6. Will importation of products that fall under the scope of NRCan’s regulations be eligible for Customs Self Assessment (CSA)?
NRCan has an agreement with the CBSA to allow importers to take part in this program. For more information about the CSA program, visit: http://cbsa-asfc.gc.ca/prog/csa-pad/menu-eng.html.
7. I wish to import an EPS that is exempt from the Regulations but the HS code I am using is flagged as requiring OGD import information. How do I fill out import documents?
Release requests for energy-using products that are not regulated should be transmitted to the CBSA using regular service options 125 or 257 (additional data elements are not required). HS codes will be flagged, indicating to border services officers that the goods may be regulated. This might trigger additional questions to the importer (e.g. purpose of the importation) to ensure that products are not regulated and that a correct service option is used.
When submitting paper release requests to the CBSA (where exceptions to the requirement of transmitting release information using EDI apply), you may indicate that the product is not regulated to facilitate the release process.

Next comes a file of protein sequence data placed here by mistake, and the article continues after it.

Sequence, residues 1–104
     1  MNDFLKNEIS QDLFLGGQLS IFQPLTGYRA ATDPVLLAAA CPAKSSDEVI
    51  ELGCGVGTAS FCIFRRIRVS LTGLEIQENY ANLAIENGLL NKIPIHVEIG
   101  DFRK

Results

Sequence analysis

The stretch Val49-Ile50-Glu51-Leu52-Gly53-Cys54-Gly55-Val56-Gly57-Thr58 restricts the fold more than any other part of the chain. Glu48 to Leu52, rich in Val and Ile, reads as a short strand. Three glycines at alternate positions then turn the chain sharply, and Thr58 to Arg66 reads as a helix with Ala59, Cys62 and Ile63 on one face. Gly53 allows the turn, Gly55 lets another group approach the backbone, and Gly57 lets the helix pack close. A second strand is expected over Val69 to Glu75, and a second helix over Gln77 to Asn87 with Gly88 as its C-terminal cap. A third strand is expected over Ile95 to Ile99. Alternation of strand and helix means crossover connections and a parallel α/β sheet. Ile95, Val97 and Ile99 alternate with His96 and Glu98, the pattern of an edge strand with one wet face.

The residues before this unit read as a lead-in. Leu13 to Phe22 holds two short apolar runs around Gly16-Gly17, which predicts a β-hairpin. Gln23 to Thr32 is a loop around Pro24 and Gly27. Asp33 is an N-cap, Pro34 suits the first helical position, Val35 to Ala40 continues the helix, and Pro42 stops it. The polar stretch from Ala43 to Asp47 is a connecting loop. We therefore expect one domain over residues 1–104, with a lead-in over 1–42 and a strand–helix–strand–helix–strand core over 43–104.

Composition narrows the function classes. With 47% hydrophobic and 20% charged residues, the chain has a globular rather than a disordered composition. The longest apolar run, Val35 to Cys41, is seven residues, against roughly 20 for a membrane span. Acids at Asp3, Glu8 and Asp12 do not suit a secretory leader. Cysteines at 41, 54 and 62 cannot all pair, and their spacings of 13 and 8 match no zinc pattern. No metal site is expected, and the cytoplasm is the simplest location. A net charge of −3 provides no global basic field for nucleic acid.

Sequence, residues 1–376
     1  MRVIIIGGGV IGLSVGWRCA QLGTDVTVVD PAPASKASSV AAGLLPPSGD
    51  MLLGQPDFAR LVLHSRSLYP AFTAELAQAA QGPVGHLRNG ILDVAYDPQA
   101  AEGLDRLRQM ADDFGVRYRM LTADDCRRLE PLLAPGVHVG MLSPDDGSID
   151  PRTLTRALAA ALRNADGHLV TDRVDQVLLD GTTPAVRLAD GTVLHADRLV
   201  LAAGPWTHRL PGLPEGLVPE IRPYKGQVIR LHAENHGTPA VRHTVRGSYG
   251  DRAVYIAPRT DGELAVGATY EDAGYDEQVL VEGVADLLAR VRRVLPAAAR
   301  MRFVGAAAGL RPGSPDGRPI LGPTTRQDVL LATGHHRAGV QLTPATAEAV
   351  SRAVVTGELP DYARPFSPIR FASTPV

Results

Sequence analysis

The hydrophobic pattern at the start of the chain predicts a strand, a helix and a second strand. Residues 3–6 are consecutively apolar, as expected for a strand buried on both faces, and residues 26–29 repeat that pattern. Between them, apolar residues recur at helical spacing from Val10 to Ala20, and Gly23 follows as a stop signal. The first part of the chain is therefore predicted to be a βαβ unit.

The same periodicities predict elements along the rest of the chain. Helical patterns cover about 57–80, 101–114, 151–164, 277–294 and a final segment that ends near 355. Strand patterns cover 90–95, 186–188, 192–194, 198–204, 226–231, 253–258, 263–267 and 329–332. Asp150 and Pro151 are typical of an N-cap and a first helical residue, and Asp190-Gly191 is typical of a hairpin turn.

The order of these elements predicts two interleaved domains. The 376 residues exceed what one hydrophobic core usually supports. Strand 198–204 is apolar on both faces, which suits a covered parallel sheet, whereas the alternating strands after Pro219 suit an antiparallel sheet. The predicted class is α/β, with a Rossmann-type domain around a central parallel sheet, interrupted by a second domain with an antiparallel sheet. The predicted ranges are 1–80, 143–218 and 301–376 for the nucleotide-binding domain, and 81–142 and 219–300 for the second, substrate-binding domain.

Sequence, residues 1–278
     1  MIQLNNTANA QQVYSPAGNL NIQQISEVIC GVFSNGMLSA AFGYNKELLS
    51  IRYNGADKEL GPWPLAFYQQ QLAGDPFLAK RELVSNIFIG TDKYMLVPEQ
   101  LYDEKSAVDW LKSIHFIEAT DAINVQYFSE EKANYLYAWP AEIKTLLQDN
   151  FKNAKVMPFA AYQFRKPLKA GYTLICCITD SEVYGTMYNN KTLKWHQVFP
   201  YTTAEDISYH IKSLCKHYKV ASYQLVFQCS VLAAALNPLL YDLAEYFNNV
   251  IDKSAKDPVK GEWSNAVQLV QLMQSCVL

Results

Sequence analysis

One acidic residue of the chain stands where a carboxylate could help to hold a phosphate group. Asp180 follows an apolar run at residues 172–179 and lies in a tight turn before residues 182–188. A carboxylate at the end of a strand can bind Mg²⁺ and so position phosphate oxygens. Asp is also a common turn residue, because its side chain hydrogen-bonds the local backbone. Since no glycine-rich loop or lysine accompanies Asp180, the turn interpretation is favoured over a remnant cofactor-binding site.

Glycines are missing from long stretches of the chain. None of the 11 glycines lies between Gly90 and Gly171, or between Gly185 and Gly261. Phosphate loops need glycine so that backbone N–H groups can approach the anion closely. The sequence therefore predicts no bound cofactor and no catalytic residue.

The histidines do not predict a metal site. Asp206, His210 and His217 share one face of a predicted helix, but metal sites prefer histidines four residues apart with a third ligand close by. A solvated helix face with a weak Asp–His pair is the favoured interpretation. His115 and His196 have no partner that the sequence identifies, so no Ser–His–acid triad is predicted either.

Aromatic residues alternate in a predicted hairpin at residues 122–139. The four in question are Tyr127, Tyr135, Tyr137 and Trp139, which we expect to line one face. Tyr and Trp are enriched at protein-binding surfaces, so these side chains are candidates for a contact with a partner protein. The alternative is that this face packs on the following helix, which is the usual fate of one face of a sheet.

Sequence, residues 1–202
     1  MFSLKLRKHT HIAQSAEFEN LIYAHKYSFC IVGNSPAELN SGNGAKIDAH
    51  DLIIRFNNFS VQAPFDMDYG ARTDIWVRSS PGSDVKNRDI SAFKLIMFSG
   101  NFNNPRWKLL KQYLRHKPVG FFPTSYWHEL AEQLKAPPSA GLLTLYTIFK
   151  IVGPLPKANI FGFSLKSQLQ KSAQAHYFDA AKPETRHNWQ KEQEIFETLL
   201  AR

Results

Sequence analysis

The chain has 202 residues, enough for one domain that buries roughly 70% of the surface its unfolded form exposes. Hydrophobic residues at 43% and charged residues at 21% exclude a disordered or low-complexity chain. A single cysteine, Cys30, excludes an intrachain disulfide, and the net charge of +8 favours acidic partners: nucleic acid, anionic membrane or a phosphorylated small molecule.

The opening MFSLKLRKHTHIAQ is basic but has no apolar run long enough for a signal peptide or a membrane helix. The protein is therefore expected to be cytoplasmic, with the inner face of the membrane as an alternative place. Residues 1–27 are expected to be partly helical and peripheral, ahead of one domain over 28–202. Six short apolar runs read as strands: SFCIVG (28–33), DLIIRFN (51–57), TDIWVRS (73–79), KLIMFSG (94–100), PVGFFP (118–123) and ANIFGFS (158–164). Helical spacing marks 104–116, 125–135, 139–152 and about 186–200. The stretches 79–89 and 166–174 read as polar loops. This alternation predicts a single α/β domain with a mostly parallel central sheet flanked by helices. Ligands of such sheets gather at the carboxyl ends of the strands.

If you wish to learn more about the CBSA Single Window Interface please refer to the CBSA website at www.cbsa.gc.ca.
8. If different products, some covered by NRCan’s requirements and some not, are packaged into a single box and sold under a single SKU, must the different products separately meet the Regulations?
Yes. Each regulated product must meet the requirements, even if they are packaged with other products that are not regulated. Where the prescribed product is a component of or packaged with an end-use product it must be reported to NRCan. The regulatory requirements apply only to the regulated product.
Energy Efficiency Reporting
1. Who can submit an energy efficiency report for the EPS?
The energy efficiency report is an excel template that is completed to give NRCan information about the products energy efficiency verification and performance. The onus is on the dealer to ensure the energy efficiency report is provided to NRCan; however it is common practice for manufacturers, or anyone else in the supply chain, to provide NRCan with the energy efficiency report. Dealers may also authorize the SCC accredited certification body to file the report on their behalf provided NRCan receives written notice that the dealer has authorized the certification body to submit on their behalf. It must be completed and submitted prior to first import.